‘Rick And Morty’ And Other Comics Of Note, April 1

04.01.15 4 years ago 5 Comments
It’s April Fools Day, but we promise, no pranks in here. Just a look at this week’s notable comics in shops and online!

Convergence #0

Or “Let’s roll out some hardcore continuity porn!” I feel bad for anybody who didn’t grow up reading DC because, boy, will you ever be lost as it filters through dozens of continuities and alternate realities. Hence the handy multi-page chart in the back. Personally, I read it fondly, but this really is for hardcore DC fans only.

Gotham Academy: Endgame #1

This book actually ties into “Endgame” smartly with an anthology format that riffs on the Joker by telling campfire stories about the Clown Prince of Crime. And it really works; in fact, you can pick it up with ease even if you haven’t read the book. If you’re a Batman fan, it’s worth picking up.

Arkham Manor: Endgame #1

This “Endgame” tie-in is actually a pretty engaging read, not least because it’s a simple concept; a handful of people immune to the Joker plague are trapped in Arkham… where most of the residents aren’t. It’s not the greatest Batman story of all time, but it’s a fun read and a brisk take on what could be a tired idea.

Avengers: Rage of Ultron

This original graphic novel from Marvel is about, well, rage. Specifically, Hank Pym and his mirror, Ultron. It’s an interesting idea, not least because Rick Remender is in full space-opera, chest-thumping mode, but it’s tough to get into this book unless you like Hank Pym… which has been pretty hard to do these last several, er, decades. Still, it’s an interesting lingering on what makes Ultron tick, even if it is a shameless attempt to sell books on the back of the upcoming movie.

Uncanny Inhumans #0

Well, Steve McNiven makes it look pretty, but it’s hard to get worked up over this particular start, even if Charles Soule does give us a Black Blot/Kang faceoff. Interesting enough, if you’ve been following Inhumans, but a bit heavy on the mythology and light on the plot.

Kanan, The Last Padawan #1

Yes, it’s a Star Wars: Rebels tie-in comic. Truthfully, this issue sets up everything according to, well, what you’d expect. It’s not a bad read, but it’s a bit generic, especially in light of Marvel’s other Star Wars books.

No Mercy #1

A bunch of rich, privileged Princeton applicants go to a Central American country to build a school to look good on their resumes. Then, of course, things go horribly wrong and they get stranded in the jungle. That’s it, that’s the setup, and it’s great. Alex de Campi’s script shines because she nails all the type; the smug world-traveler, the privileged douchebag, the quiet kid. It helps that she’s basing this on her own experience, which she admits in the back having a lot of ambivalence towards. Carla Speed McNeil’s art fits the story well, although her best work is largely in the layouts; the opening evokes the claustrophobia and isolation of large crowds on cellphones, for example.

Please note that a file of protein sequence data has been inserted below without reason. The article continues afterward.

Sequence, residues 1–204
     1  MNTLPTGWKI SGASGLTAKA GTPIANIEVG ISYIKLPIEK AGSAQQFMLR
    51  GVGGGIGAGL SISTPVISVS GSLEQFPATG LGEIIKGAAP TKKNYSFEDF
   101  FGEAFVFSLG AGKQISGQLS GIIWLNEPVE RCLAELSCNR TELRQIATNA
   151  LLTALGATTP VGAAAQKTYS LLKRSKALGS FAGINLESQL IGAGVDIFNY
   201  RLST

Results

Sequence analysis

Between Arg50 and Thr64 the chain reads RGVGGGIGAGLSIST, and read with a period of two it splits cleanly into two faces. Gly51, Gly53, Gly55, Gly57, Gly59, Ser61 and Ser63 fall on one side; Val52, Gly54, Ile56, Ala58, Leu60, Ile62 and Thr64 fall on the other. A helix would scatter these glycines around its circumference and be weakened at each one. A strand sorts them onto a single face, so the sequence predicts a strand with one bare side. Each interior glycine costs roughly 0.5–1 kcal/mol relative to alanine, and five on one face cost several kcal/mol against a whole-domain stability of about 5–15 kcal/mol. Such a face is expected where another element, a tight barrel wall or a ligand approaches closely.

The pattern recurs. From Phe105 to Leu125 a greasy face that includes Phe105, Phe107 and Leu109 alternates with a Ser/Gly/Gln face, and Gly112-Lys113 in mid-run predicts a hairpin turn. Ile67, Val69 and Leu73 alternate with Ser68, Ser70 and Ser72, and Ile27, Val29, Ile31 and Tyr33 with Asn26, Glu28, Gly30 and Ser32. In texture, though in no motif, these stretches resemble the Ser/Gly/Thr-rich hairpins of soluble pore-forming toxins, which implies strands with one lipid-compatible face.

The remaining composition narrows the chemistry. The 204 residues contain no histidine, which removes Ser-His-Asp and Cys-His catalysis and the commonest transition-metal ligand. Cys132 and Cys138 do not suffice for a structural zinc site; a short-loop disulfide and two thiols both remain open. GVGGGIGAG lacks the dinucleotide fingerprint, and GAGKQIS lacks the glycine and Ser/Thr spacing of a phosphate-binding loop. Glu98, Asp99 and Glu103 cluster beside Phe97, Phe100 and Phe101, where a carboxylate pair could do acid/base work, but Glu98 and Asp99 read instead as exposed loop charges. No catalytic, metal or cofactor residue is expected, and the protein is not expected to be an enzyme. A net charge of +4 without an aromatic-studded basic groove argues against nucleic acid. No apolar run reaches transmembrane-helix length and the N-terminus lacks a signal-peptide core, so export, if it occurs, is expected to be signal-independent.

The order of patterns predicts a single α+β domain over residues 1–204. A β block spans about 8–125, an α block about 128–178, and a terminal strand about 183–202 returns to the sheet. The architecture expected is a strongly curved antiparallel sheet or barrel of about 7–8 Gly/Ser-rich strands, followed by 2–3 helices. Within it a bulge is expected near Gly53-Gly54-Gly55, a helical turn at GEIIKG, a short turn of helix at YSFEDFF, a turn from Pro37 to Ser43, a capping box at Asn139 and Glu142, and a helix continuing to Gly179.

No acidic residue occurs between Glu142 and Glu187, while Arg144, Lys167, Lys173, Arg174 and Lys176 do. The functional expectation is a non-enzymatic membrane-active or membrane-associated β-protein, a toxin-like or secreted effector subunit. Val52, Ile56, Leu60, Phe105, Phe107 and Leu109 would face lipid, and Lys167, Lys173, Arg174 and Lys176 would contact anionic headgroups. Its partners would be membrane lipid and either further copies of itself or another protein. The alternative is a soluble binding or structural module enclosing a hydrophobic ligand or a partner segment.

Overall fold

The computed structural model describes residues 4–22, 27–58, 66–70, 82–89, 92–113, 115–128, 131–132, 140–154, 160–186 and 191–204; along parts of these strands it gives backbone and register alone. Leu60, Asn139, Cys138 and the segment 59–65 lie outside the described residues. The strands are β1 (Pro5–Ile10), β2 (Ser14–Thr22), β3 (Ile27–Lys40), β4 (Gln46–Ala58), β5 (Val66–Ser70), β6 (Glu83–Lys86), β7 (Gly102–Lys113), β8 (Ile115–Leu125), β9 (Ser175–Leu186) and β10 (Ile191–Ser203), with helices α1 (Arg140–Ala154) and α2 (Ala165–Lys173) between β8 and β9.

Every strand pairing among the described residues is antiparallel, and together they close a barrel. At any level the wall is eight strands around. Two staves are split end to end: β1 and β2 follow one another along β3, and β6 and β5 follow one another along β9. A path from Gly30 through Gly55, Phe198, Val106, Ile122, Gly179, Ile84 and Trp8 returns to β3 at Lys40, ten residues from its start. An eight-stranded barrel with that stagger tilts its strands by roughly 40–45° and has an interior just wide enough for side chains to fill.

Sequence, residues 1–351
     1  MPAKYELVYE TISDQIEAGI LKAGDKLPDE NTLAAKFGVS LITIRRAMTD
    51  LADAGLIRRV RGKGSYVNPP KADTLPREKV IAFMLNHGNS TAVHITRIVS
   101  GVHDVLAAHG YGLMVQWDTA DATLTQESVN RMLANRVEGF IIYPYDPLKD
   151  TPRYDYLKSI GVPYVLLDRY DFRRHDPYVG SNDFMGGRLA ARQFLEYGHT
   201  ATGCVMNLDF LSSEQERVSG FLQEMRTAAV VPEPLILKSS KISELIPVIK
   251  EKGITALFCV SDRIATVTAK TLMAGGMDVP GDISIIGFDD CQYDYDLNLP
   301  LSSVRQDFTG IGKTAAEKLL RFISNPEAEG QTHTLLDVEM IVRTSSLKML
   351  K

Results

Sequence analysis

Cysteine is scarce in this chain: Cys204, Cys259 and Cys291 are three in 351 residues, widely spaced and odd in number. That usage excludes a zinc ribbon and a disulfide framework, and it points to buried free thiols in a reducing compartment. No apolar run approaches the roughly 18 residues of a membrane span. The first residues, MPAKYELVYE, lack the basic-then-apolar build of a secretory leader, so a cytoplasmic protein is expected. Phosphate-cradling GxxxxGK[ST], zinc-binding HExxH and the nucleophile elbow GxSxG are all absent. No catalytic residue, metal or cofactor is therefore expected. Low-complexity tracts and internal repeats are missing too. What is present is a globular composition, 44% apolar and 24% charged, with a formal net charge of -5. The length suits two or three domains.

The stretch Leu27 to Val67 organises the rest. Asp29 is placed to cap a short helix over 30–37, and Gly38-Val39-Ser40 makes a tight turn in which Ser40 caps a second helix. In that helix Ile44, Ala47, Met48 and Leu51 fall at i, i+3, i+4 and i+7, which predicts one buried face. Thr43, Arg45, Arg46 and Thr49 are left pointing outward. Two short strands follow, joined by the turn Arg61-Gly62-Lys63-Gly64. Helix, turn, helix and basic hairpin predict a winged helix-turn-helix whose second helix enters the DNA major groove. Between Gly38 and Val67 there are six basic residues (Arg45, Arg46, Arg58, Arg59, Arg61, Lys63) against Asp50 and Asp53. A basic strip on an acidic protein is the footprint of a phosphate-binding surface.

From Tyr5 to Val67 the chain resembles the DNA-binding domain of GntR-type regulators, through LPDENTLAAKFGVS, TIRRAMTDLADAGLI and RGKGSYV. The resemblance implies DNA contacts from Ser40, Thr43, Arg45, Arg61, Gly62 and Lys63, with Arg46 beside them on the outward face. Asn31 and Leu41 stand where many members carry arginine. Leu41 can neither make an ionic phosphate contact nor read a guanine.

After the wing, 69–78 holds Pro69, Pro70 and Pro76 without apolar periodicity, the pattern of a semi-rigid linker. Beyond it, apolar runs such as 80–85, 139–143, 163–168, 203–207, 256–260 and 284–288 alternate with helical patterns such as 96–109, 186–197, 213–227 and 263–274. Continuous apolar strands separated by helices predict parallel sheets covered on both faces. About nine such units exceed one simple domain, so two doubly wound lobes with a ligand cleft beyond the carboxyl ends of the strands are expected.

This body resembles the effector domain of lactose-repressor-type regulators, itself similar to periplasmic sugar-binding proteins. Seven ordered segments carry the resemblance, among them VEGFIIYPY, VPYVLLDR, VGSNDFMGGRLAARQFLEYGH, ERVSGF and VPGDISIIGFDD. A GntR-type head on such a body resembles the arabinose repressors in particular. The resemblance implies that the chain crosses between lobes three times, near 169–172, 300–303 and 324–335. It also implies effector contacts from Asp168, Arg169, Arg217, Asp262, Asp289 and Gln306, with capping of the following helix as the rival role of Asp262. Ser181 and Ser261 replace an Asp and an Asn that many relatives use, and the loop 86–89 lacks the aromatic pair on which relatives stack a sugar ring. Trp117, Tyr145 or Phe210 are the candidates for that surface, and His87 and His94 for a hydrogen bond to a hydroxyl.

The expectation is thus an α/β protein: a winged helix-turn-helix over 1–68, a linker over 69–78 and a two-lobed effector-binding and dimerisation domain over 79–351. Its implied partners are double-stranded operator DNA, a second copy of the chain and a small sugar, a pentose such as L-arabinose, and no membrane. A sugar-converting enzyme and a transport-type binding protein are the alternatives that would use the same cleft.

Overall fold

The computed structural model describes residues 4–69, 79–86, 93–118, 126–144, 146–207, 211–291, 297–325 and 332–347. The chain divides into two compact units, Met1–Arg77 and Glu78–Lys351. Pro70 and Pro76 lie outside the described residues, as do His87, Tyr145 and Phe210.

Overall, a superb start to this thriller, and highly recommended.

The Witcher: Fox Children #1

Joe Querio and Paul Tobin’s miniseries featuring the Witcher was actually one of my favorite comics of 2014, and this book illustrates why, as it opens up with Geralt busting his dwarf companion’s balls for sleeping in a loincloth. What follows is Geralt getting sucked into a disastrous expedition where a bunch of morons antagonize a vulpess… and manage to make things worse. It’s a great setup, and surprising light in tone compared to the original series. That doesn’t make it any less of a great read, though, and highly recommended.

UFOlogy #1

Becky is a pretty normal teenage girl; decent if contentious relationship with her parents, scared of college, and living her life in rural Wisconsin. Well, until she runs into an alien. James Tynion IV wisely focuses this first issue on characterization; we get to know the cast and what they want, and it’s actually a comfortable read right up until things get entertainingly weird. Interesting, and worth a look.

Rick and Morty #1

Even if you’re not familiar with Rick and Morty, Dan Harmon’s rather dark Adult Swim series about a degenerate superscientist and his slightly more logical fourteen-year-old grandson, Zac Gorman and CJ Cannon do such a good job translating it, you kind of wish it was an episode of the show. It may not be for everyone; it’s a bit wordier and less visual than a comic book really should be. But it’s still funny, and that’s all that counts.

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